I'm in the process of reviewing the chapters from my "History of Vintage" series, and some issues have arisen (or more precisely, have always been present, but never fully resolved), that I thought I'd present to you to weigh in on.
First of all, if you aren't familiar with the concept, here you go:
The most important link is the April '96 link (the 7th link down), which is the version 5.4 of Robert Hahn's Schools of Magic. In it, he identifies 6 Schools: Weissman, Kim, Handelman, Chang, O'Brien, and Maysonet.
If you've followed my History of Vintage series then you know that I borrow a great deal from his attempt to delineate different strategic concepts as a trope for the history of Vintage. With the benefit of hindsight, we see that some of the "schools" he identified as such are less schools than broadly used fundamental principles. Thus, of his original "6" (or 4 depending on which version of his SoM you are reading), I argue that only two are really "schools" as such: The Weissman and O'Brien Schools.
Now here's where things get interesting. I argue, throughout the series, that there are 6 Schools of Type I/Vintage Magic, in the sense that Hahn defined them (I'm not going to get into a debate over his definition - just read it for yourself): 1) Weissman, 2) O'Brien, but also: 3) The Reanimator School, best represented by Dredge today, 4) A Combo School (represented by decks like DPS today, but used to show up as Prosperity Vice, the first Doomsday deck, Recursion Twister, etc.), 5) a Turbo Xerox /Comer School (represented by decks Jeskai Mentor or Delver before Gush was restricted again), and 6) the Lestree School (which was represented by Bertrand Lestree's proto Zoo deck, and later by the mid-1990s Zoo decks, Monkey, May I, etc.
These Schools do not encompass the entirety of Type I or Vintage. His metaphor or analogy breaks down, as you can see, with the onset of Necro summer (if you look at the original link above). I don't think he fully realized why at the time (although I have). The main reason is that the Schools Analogy doesn't really work with you have a singular, unique and idiosyncratic card that does really powerful thinks. Thus, cards like Necro - cards that can power up a variety of strategies, but produce unique functions in Magic, can't generate schools in the same way that the other Schools can.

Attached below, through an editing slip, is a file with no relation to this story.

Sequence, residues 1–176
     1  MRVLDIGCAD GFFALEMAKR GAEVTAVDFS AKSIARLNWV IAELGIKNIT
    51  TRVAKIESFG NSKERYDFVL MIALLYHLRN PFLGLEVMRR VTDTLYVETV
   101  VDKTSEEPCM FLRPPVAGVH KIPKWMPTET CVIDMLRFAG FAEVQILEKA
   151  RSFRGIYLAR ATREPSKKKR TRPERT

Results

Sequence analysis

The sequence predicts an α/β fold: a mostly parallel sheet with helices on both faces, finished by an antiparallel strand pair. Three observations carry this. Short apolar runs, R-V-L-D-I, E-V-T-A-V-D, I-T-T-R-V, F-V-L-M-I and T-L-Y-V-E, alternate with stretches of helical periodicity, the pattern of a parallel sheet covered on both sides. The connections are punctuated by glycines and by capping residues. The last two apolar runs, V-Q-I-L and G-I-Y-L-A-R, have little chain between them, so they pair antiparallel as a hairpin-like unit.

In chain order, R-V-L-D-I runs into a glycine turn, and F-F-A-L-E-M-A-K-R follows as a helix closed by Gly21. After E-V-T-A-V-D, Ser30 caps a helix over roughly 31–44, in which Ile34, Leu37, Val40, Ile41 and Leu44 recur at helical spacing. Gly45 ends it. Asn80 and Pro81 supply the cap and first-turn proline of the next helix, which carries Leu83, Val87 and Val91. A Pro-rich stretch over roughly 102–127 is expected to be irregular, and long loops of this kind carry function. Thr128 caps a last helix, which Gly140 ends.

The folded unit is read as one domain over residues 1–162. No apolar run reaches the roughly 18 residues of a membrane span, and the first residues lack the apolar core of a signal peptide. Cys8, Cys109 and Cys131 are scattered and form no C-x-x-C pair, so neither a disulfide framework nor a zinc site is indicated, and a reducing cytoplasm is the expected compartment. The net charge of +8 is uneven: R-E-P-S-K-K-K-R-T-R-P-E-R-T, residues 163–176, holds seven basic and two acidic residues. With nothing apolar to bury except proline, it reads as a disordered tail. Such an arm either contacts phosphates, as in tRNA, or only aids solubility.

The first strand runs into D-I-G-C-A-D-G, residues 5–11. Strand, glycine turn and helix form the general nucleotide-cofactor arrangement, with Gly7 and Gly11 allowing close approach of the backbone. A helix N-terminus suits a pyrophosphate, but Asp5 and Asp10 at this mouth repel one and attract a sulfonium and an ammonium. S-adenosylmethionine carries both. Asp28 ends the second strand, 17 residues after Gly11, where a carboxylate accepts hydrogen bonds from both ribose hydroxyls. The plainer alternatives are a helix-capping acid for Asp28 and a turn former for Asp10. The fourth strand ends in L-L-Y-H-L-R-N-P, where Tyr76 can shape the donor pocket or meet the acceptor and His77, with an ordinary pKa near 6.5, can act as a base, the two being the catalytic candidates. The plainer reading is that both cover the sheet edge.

Thus, there are always strategies that lay outside of these schools, because they are singular/idiosyncratic, like Painter Combo, etc. I don't want to debate this point, either.
The question I want to pose is this: Do you feel it is important that each school, following the convention of Robert Hahn, be associated with a "name" of a player, like "Weissman," "O'Brien", etc.? Or, would you rather have the name follow the strategic classifications more familiar to the format? Like "Reanimator", etc.
I ask because it is difficult to identify the 'founder' of, for example, the Reanimator School. Mark Chalice created the first Reanimator deck on record, but Alan Comer created the first modern version of it, structured around 4 Bazaar, 4 tutors to find etc, etc. But Alan Comer also created the Turbo Xerox concept. So, the School could be called the "Comer School" or the "Turbo Xerox" School or something else entirely.
It is especially difficult to peg the "Combo" School to a particular name. There isn't really a single person who really focused their energies on this school for a long period of time during the formative years of the game. Maybe Chapin to some degree. But he played many decks.
Let me know your thoughts.